Jeremy Epstein: When you think about customer experience, there are a couple of things that happen in a blockchain world. And the way I sort of broke down the book was into sort of four section.
Let’s just talk about the familiar challenges that everybody has. If you deliver a better experience, you’re gonna have people buy more often. But what’s interesting now in a blockchain world, remember, everyone has a copy of the database. So, in the previous world, data was king; it’s who has the data, whoever has it is king. That’s why Facebook and that’s why Google, all these guys are sucking as much data as possible. But on blockchain everyone has data because its open. Now there are these things called private blockchain but we’ll leave that aside for a moment. But basically now, that information is available so, that’s number one.
So then the question is, “Okay, well how do I interpret that data as much as possible?” And that’s were the real life arms race of the next generation’s gonna be is, “How do I analyze that data? How do I do artificial intelligence, machine learning on top of it?” Everyone has the same data, it’s like we all have the same starting point and it’s who can get the insights, who can ask the questions, you faster, better and understand that. So I think the near term is we’re gonna have slightly better systems now to verify that Brent on Twitter is the same Brent that we see on email or YouTube or whatever, which is gonna allow you to deliver more unified customer experiences across every platform. And I think that’s really critical because you want … you have to keep pushing customer experience because the data no longer becomes the differentiator. It’s interpreting the data and then delivering the experience based on the insights in the data. So I think that’s gonna be sort of the first thing in terms of the accelerant.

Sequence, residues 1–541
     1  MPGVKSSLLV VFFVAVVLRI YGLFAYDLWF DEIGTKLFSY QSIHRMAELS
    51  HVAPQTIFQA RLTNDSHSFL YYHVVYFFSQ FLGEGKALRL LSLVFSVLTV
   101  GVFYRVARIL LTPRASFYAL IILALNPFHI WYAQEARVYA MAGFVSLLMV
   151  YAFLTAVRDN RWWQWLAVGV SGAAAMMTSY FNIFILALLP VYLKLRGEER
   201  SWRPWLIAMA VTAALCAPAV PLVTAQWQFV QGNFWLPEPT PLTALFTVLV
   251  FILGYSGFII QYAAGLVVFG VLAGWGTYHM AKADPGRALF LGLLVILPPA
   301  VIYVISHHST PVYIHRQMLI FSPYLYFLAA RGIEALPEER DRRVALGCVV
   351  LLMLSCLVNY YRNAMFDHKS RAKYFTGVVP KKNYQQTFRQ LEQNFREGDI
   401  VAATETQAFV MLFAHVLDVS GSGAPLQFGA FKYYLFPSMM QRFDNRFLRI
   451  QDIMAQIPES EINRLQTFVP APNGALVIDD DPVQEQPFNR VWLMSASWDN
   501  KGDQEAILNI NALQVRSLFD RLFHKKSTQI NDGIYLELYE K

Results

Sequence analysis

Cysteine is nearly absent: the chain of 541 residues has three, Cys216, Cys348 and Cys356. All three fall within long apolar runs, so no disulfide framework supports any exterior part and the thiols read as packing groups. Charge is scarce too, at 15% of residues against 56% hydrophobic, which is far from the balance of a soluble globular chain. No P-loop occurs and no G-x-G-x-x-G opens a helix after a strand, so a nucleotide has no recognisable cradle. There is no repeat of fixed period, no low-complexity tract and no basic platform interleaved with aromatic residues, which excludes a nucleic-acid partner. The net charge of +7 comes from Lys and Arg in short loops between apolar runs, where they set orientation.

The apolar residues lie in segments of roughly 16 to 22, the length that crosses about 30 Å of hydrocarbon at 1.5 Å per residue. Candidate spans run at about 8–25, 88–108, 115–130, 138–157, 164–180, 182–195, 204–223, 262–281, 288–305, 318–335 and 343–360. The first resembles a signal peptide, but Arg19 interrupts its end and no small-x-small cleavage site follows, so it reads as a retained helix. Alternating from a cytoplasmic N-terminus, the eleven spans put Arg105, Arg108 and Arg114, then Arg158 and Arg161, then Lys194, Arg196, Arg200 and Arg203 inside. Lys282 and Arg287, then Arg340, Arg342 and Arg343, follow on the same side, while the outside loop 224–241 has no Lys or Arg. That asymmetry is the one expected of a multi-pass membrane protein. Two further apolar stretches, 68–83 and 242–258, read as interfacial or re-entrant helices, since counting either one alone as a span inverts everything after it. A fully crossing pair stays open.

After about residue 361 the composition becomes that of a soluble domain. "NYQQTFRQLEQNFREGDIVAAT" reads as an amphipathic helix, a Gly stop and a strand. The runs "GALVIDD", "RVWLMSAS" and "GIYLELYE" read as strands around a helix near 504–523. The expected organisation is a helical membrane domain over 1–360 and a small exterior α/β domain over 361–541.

I think the second thing though that’s really fascinating is we’re gonna move into a world where you’re gonna deliver customer experience without actually necessarily knowing who your customer is. I know this is a crazy idea, right. But in a blockchain world, the individual controls his or her identity. Right now, I don’t control my identity. I log on, I give information to somebody else, they have it. But in a blockchain world, I control the identity. I control all the information. The data doesn’t sit on a server. The information might be replicated on a ledger, but the only person who can update that information is the person who controls what’s called the private key, which is me.
I’m the only person who can make a change that says,” I moved from D.C. to New York. Or I moved from New York to Atlanta, or I now work at this company, that’s the only person who can update it. And then I can decide to whom I’m giving access to that information.
And so if you’re a company, I don’t give you my information and you keep it forever. I might just need to come on and say, “You know what? Can I prove that I live in Maryland or and thereby I don’t have to pay sales tax or I do have to pay sales tax. Yes, I can cryptographically prove that I live in Maryland but that’s all you need to know.”
A classic example is going to a bar and get carded. Right now you show them your driver’s license which shows them your name, your address, your date of birth, all that kind of stuff. They don’t need any of that. The only thing they need to know is, are you over 21. So you can cryptographically prove I’m over 21 and then they let you in the bar. That’s it.